Nihon Vogue Linen Jacket 2

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Here’s my first try at following a Japanese pattern magazine, like copying from Burda, but without any translation for the Kanji . I wanted something to bridge the hot weather I expected in DC, with the aggressive air conditioning popular there. It was ready in time for the meeting, LWVUS Council 2013. The magazine comes from a Japanese book store, sorry I can’t read the title for you. I found a website that didn’t help me much.

Photos: You can see the cover, the linen jacket photo, #13, then the instruction page. I copied the pattern pieces from the insert pages, altered and fitted them. The instruction sheet helped some. 🙂 The fabric is an interesting linen weave, a sturdier plain weave for the collar and covered buttons. The lining is Imperial Broadcloth, from a bolt unearthed in the sewing room, left over from smocking days- sheesh! Photos were taken with the top straight out of the suitcase, a little worse for wear, how linen looks. And I’m not shaped like their willowy model. 🙂

Fitting: I made a muslin. Shoulders were tilted and narrowed, bust points moved and expanded. Next time I will widen the front overlap a little further.  I might nip in the front waist a bit, lots of free swing there. I wish I had a fitting buddy to help, like with the back, the armholes, hard to judge, not seeing them.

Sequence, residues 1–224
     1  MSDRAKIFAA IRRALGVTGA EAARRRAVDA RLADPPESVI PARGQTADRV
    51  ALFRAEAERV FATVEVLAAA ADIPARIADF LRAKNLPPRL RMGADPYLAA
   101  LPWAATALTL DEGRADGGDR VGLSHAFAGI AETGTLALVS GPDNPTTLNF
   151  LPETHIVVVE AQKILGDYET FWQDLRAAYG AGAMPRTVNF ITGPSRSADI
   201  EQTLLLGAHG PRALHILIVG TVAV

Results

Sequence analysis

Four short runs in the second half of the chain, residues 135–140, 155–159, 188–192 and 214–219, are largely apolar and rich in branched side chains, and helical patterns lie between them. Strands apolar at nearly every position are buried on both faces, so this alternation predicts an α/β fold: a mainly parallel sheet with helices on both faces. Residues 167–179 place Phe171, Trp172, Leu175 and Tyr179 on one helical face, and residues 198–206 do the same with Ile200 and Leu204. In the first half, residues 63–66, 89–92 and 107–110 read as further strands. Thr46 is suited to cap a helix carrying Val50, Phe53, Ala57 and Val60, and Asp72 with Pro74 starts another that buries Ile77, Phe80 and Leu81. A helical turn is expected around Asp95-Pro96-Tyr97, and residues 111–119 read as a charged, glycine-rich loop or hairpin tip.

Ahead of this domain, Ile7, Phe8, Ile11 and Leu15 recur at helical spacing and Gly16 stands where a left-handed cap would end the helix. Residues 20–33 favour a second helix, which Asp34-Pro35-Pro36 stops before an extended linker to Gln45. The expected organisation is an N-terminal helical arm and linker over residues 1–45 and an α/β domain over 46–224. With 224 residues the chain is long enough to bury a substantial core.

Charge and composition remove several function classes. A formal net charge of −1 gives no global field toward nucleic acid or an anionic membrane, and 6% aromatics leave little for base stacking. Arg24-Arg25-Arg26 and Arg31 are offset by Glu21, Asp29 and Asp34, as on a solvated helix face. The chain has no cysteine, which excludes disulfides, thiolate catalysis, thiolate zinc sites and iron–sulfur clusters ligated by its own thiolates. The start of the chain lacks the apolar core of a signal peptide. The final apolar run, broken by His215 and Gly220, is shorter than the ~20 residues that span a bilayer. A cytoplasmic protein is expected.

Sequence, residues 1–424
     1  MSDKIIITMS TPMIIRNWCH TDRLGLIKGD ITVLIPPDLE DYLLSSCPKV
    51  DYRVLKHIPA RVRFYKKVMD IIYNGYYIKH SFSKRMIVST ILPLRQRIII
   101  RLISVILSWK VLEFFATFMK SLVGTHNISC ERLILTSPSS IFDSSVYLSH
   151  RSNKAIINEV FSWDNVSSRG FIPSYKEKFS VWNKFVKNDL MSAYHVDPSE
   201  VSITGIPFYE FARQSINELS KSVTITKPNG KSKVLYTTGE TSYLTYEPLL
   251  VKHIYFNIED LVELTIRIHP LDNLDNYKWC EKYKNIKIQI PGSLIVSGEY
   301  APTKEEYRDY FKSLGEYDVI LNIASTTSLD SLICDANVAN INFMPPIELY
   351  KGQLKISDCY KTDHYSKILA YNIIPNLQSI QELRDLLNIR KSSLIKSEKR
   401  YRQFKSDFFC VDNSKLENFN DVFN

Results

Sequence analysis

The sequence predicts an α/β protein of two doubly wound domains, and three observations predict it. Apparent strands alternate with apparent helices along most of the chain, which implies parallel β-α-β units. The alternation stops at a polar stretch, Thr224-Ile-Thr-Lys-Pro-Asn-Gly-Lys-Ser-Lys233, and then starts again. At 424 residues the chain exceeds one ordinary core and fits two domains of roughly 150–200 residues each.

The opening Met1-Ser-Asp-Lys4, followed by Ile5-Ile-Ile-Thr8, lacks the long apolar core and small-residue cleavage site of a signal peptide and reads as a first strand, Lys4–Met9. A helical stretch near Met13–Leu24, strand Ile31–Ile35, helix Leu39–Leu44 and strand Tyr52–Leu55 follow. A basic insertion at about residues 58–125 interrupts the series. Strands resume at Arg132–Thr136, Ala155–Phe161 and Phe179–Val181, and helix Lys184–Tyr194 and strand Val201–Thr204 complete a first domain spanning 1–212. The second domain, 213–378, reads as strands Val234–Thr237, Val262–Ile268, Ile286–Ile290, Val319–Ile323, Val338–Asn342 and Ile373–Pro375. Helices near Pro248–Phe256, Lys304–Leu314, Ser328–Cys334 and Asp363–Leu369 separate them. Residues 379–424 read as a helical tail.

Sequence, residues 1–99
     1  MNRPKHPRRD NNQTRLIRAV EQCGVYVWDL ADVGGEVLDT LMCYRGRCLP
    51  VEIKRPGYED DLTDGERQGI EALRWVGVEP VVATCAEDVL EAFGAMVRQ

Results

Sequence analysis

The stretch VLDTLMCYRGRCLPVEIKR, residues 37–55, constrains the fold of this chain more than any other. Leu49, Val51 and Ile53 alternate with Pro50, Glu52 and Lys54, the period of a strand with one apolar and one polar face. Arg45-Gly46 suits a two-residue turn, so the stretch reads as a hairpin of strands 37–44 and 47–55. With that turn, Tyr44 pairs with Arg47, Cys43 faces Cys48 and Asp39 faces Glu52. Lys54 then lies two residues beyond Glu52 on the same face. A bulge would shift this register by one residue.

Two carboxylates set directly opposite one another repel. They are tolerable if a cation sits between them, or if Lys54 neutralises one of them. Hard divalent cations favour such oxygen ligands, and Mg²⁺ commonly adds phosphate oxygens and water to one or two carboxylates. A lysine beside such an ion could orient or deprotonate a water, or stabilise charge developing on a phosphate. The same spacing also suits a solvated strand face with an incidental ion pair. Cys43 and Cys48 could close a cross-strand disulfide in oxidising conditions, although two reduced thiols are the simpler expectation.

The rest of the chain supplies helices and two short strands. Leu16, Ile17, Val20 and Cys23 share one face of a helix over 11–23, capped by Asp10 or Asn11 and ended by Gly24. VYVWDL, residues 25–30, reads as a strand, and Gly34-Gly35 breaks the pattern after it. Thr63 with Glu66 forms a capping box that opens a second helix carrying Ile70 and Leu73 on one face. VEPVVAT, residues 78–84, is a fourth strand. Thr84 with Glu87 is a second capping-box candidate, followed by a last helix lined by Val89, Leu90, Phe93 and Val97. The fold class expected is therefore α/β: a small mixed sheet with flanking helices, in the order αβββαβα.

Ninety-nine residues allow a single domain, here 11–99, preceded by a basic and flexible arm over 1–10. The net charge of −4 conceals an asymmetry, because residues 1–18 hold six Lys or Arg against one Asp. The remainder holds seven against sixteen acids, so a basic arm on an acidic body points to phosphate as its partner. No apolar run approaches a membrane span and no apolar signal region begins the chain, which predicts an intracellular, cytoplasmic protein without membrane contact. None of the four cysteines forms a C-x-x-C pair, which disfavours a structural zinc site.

Sewing: Every seam showed top-stitching. There was a princess line marked on the front piece that wasn’t a seam, so I stitched it with a double needle. It added a nice definition. The front edges and hem were interfaced, button and inner snap areas (lining only) reinforced with button felt circles. The beaded button was a gift and I sewed it on the night before our meeting, a nice nod to our 2012 League of Women Voters of Oregon Rose Parade Suffragettes! See my sewing post on that.

I enjoyed sewing this. The linen was a dream to work with, though I needed to press the sleeve cap firmly, using all the tools I had, sleeve board and hams for a smooth fit. I would make this again, maybe with a stretch cotton that doesn’t need lining.

Stay tuned. 🙂 I want to see what you’re working on!!

 

1912 Dress #4016 Summary! 11

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This dress was fun and I recommend making it! I made it so Kate Brown,  our Secretary of State (VoteOregon!) would have a costume to wear ( my earlier 1912 one) in the Portland Grand Floral Parade, to celebrate the 100th Anniversary of Oregon Women Voting! Go Suffragettes! I finished the dress and hat in time and walked with pals. Our group included the League of Women Voters, Oregon Women’s Commission, and some others. See the 1911 car carrying Oregon Suffragette Abigail Scott Duniway’s great grand daughters. They told me that she wasn’t really the first Oregon woman to vote, that was Sacagawea, sorry I don’t really know.

Go Portland Mayer Sam Adams! Yes, that is the real Mayor in the picture, though he does play the Mayor’s Aide in Portlandia. The Rodeo horse shook it’s head and snorted at my costume- no pockets, no apples or carrots! No wonder people watched for the Wells Fargo coaches1 Amazingly pretty!

The pattern came without instructions and here is a review of my posts, with a summary of the 1912 Project notes at the end.

  1. Getting bearings on the dress and pattern!
  2. Pattern measurements